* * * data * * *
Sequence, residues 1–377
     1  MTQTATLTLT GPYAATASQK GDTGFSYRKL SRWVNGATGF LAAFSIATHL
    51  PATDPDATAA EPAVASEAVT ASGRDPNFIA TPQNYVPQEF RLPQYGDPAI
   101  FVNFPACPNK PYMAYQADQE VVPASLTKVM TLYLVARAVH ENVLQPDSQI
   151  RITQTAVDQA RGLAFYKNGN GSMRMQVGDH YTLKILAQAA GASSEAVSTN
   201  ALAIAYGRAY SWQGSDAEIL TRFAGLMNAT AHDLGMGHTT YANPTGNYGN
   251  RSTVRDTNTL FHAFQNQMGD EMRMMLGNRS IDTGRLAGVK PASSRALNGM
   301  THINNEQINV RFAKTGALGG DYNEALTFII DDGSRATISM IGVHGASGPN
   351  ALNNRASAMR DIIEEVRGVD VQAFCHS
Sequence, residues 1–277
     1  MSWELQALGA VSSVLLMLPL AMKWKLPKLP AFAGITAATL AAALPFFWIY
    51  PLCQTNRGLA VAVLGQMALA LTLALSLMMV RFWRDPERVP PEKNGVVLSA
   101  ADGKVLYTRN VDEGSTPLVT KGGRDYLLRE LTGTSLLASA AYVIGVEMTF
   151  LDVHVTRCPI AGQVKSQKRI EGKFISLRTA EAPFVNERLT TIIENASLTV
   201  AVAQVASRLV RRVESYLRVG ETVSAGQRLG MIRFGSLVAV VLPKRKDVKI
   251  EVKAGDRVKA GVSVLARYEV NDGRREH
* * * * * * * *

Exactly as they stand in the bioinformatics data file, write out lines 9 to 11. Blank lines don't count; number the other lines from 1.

   351  ALNNRASAMR DIIEEVRGVD VQAFCHS
Sequence, residues 1–277
     1  MSWELQALGA VSSVLLMLPL AMKWKLPKLP AFAGITAATL AAALPFFWIY